The photos on the kayak outfitting site do not load, but the foam is very likely minicell foam. Cutting a tailored block of foam is certainly an option, and might be the best option, but can be rather time-consuming. If you go that route, measure the longitudinal distance you need to fill to determine the thickness of foam you need. You can glue together multiple layers of foam with contact cement, and the foam is easily gut with tools like a fillet knife or coping saw (band saw is best) and can be shaped using sandpaper and/or surface-forming tools. If you want to fashion a foam block, I would suggest making a cardboard template corresponding to the cross section of your hull at the bulkhead location, and another at the location you want the foam to end at further aft. These will greatly facilitate cutting and shaping your foam. Minicell foam will add some weight, but is pretty light.

You might take a look at Jackson Kayaks Happy Feet footbag system. If this fills the space adequately, you might consider removing your foot pegs and using this as a foot brace:

This is a great forum. Thanks, you guys.

Most people get in trouble trying to get too much water out too fast. So instead of trying to lift 5 gallons of water(40#) lift slow and just a “quart” (2#). Then another quart, repeat, repeat. Etc.

I tried this technique a couple of times:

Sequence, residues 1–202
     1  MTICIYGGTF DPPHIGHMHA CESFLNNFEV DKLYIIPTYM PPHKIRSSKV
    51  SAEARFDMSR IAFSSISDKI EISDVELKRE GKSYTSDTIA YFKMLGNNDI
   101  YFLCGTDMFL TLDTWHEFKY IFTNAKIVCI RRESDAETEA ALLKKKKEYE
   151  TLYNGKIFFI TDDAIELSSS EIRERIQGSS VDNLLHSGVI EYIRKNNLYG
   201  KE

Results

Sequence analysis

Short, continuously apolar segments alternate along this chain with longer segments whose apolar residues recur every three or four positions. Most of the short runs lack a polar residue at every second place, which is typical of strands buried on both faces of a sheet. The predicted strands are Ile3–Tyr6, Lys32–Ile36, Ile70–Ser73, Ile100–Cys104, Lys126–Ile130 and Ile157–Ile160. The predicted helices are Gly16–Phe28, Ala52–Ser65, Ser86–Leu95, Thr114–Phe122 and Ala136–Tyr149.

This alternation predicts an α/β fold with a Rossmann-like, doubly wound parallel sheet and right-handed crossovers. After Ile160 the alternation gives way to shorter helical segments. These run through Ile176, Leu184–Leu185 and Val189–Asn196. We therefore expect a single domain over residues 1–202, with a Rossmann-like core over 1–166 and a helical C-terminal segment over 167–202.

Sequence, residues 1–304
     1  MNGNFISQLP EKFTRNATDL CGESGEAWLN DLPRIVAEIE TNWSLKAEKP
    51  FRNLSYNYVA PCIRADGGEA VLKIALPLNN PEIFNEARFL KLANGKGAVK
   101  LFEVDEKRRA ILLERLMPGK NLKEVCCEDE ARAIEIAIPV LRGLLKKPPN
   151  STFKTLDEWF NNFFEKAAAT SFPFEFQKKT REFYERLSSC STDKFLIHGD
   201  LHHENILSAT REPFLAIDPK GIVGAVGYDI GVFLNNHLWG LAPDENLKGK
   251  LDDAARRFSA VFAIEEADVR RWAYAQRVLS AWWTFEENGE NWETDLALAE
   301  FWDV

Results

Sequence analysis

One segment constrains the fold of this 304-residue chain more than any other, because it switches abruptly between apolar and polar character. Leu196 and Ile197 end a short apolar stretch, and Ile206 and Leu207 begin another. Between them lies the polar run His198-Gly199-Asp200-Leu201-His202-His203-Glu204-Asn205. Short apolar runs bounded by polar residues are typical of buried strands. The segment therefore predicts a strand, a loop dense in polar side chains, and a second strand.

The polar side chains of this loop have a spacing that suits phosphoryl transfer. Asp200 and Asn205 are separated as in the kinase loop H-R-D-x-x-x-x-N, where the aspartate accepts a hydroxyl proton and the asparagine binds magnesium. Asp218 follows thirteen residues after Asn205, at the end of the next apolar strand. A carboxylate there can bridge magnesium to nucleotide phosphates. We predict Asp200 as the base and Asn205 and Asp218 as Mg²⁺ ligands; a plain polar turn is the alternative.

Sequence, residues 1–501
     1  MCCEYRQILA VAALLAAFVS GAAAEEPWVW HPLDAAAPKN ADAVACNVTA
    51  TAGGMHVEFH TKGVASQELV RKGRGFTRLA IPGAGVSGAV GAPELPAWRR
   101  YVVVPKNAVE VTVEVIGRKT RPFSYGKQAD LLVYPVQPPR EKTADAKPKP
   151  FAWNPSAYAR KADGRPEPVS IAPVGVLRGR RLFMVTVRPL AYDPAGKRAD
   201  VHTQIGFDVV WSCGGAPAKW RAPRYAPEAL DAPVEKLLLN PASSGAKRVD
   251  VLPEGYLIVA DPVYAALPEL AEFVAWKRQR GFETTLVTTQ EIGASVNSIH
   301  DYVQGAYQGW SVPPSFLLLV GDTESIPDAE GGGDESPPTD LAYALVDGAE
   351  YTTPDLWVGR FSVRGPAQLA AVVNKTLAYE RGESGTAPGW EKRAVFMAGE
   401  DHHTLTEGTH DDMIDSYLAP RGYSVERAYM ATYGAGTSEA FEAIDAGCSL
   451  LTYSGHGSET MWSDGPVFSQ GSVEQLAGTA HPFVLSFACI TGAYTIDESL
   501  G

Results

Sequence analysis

Didn’t work well the first time, but second time around it did.

20 minutes of pumping? That long? I think it takes me maybe 5 minutes with my narrow 14’ boat.

Maybe you need a more effective pump. Both of mine (a Feathercraft and an older Harmony) pump out a stream like a fire-hose.

Actually, if you are going to paddle alone and want to save yourself a lot of hassle, learn to roll.

@willowleaf said:
Actually, if you are going to paddle alone and want to save yourself a lot of hassle, learn to roll.

I’ll second that!

By the way, you could use a longer tapered float bag in that space in front of your footpegs by simple rolling up the tapered end tightly and pinching it off with a couple of those strong plastic spring clamps before inflating it. You don’t have to fully inflate a float bag, just plump it enough to fill the space from which you want to exclude water volume. You could also cut several pieces of hard foam pool noodle a little longer than the width of the kayak, tie them together with cable ties, and wedge the bundle behind the foot pegs.

Another option would be a sea sock – kind of like a “lower body condom” made of nylon that you slip your legs into that fits over your cockpit under your sprayskirt. It keeps water inside it when you capsize and all you have to do is reach in and pull it inside out to purge the water. But they are hot in warm weather and kind of a pain to get arranged to reach your footpegs. And they can increase the struggle to get your legs out in a wet exit. More useful if you have a good roll, but if you have a good roll and a decent sprayskirt, you wouldn’t get much water in the cockpit anyway. We use sea socks sometimes with skin-on-frame kayaks that don’t have bulkheads.

SpaceSputnik, that looks like an interesting method. I will try it.
willowleaf, I was exaggerating with the 20 minute thing, and I do plan to learn rolling next.

Get a Greenland paddle and learning to roll effortlessly is a piece of cake. Watch Dubside at the 1:50 mark in this video. He was teaching this at kayak camp last weekend and it really is as easy as it looks.